Comorbid chronic pain and insomnia is an important public health issue, as the combined impact magnifies the clinical and economic consequences and correlates related to each disorder.  Both insomnia and CLBP are independently related to significant reductions in quality of life [11, 12], medical morbidity, and disability. [13, 14] Furthermore, both are linked with a significant economic impact, each exceeding $100 billion annually. [15–17] Fortunately, effective pharmacological [18, 19] and nonpharmacological treatments [20, 21] are available that reduce pain, improve physical functioning, and decrease sleep disturbance. The most commonly prescribed medications for chronic pain and insomnia are opioid analgesics and sedative hypnotics [18, 19], respectively. Unfortunately, these medications are linked with side effects, such as risk of falls and tolerance and withdrawal [22–24], all issues particularly important in older adults. Opioid analgesics may actually disturb sleep, change sleep architecture, and induce sleep disordered breathing. [25, 26] Effective nonpharmacological treatments for insomnia with fewer associated risks are available but are often underutilized by clinicians. Assessment tools and treatment guidelines are often too general and global to meet the needs of a diverse patient population. Furthermore, the most commonly recommended nonpharmacological approach for managing insomnia — sleep hygiene  — lacks evidence  as a stand-alone treatment, especially in the context of chronic pain. Accordingly, there is a great deal of variation in how older adults with chronic pain and insomnia are treated, and there is limited evidence on effective strategies for the management of comorbid pain and insomnia in real-world clinical settings.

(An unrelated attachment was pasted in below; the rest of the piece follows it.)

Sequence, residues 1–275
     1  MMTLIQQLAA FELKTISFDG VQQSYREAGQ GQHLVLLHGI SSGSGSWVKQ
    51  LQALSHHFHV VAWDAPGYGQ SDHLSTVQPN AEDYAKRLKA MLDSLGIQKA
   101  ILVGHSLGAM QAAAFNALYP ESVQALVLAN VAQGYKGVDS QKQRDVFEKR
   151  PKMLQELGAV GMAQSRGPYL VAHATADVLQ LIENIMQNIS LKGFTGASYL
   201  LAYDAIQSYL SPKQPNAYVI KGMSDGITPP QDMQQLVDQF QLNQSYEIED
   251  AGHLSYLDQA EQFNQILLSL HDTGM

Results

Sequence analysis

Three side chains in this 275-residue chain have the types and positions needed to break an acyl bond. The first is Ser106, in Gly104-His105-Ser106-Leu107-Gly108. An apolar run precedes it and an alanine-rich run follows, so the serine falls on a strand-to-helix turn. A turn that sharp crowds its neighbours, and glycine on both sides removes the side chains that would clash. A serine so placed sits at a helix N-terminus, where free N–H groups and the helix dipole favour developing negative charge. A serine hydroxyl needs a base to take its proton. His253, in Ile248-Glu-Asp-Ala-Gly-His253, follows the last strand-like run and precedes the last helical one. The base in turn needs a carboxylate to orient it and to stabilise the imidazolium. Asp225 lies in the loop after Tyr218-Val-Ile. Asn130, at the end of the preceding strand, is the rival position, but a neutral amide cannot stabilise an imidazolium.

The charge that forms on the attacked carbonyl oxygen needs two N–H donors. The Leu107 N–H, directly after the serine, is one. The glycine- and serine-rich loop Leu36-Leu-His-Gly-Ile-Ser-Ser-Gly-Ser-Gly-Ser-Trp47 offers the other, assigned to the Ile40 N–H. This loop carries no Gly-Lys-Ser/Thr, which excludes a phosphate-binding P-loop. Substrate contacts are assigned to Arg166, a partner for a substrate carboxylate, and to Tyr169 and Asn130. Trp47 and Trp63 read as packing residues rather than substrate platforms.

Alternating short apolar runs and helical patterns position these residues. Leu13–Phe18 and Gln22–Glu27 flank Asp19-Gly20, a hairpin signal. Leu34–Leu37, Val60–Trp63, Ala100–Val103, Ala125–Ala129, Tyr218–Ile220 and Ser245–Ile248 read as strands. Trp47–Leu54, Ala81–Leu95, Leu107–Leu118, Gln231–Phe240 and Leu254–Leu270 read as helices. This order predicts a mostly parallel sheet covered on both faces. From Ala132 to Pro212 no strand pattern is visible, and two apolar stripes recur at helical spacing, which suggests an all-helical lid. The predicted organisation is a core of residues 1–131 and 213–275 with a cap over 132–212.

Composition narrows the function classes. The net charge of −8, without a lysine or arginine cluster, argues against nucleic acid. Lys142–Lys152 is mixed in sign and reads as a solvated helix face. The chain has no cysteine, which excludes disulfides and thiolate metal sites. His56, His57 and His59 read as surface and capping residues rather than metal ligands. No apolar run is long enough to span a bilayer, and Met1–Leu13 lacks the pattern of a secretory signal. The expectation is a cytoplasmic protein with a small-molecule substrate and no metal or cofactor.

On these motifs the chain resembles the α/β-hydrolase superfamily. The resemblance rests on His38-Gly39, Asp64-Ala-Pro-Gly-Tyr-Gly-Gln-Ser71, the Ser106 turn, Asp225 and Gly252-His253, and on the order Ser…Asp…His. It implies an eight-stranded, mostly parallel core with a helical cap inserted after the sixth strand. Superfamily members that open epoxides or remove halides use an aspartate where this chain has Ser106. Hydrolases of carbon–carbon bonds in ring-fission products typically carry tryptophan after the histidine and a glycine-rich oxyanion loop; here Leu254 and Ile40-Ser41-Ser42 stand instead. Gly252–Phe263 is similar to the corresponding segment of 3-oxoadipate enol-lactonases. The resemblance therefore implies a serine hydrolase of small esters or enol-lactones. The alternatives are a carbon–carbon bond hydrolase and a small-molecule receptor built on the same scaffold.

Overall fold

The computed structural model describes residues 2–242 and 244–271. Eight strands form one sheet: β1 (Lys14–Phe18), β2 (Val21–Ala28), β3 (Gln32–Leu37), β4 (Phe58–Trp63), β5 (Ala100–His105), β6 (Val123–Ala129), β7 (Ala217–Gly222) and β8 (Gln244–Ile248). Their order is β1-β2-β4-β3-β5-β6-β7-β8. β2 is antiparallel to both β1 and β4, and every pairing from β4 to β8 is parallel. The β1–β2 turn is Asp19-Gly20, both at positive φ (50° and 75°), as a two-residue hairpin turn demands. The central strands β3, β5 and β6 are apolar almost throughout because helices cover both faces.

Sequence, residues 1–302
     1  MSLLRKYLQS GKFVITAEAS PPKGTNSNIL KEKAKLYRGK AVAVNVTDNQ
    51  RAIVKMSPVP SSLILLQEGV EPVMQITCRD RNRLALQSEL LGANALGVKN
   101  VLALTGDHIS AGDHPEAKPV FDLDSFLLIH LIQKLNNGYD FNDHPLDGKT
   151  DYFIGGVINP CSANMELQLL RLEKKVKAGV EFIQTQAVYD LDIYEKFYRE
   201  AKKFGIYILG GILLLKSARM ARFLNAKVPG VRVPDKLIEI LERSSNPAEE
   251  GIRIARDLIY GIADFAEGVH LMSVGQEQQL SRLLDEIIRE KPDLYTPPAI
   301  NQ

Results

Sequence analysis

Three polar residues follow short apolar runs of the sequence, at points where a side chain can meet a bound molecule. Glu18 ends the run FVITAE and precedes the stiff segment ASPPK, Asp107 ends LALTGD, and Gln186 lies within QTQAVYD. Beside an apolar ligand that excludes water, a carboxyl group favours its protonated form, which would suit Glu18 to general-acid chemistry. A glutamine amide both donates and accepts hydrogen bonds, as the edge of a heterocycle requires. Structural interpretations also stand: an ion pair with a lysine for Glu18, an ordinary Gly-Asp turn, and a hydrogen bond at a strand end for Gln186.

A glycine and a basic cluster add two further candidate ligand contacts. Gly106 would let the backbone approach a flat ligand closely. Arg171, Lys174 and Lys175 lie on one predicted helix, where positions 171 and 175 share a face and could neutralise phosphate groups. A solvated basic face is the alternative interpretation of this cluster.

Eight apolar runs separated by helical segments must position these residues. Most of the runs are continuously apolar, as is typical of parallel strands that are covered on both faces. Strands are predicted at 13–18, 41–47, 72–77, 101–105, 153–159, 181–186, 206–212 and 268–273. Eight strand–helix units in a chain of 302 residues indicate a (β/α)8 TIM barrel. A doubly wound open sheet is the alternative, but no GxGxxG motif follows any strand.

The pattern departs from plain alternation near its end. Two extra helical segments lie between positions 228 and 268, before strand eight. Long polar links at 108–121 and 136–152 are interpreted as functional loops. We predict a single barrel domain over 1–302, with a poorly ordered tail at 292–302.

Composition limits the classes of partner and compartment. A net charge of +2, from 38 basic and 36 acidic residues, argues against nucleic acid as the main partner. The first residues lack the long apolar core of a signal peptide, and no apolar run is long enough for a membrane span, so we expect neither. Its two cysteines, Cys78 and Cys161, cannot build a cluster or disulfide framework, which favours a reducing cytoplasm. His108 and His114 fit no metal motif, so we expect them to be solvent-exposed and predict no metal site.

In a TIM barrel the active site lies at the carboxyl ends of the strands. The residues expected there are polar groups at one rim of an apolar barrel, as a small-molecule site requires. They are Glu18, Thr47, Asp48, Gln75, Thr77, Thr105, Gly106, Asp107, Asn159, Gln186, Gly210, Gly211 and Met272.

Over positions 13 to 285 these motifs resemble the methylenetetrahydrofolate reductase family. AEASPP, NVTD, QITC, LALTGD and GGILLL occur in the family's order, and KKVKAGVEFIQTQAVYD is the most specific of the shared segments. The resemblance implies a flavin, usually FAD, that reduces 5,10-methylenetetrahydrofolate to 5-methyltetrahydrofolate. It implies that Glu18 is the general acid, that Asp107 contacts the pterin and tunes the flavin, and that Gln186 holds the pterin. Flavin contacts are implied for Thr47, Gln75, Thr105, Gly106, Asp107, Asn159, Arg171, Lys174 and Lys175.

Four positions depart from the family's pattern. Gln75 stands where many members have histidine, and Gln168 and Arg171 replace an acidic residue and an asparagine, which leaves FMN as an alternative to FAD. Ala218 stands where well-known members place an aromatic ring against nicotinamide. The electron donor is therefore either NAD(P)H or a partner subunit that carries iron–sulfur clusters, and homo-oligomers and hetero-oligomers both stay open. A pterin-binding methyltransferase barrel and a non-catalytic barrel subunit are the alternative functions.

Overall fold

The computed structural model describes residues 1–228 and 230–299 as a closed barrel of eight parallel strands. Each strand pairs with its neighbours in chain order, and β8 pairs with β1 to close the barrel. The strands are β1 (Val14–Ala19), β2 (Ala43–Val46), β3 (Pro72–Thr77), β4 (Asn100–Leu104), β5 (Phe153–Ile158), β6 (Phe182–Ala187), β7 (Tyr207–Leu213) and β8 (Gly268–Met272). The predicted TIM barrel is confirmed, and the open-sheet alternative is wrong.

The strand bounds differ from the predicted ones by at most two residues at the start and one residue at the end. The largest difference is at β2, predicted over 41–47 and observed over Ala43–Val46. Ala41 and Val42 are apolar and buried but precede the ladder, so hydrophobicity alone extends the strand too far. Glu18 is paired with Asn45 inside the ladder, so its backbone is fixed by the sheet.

A substantial proportion of older adults with CLBP report insomnia. We present a pragmatic, evidence-based approach to the management of insomnia in older adults and a case illustrating the application and efficacy of nonpharmacological strategies.